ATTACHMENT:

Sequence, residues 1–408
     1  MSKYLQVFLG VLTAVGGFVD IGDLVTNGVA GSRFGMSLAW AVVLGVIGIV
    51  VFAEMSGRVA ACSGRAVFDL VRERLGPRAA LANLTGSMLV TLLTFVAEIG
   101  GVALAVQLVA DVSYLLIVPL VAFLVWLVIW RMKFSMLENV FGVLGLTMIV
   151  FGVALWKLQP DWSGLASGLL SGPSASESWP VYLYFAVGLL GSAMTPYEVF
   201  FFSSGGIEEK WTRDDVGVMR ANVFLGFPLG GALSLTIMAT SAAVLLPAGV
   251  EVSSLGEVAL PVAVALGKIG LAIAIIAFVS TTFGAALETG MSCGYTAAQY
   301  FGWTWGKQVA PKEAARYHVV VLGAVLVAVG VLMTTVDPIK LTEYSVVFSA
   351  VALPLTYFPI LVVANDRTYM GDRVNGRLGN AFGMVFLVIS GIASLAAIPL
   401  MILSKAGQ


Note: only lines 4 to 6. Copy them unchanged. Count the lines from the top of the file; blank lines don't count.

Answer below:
   101  GVALAVQLVA DVSYLLIVPL VAFLVWLVIW RMKFSMLENV FGVLGLTMIV
   151  FGVALWKLQP DWSGLASGLL SGPSASESWP VYLYFAVGLL GSAMTPYEVF
   201  FFSSGGIEEK WTRDDVGVMR ANVFLGFPLG GALSLTIMAT SAAVLLPAGV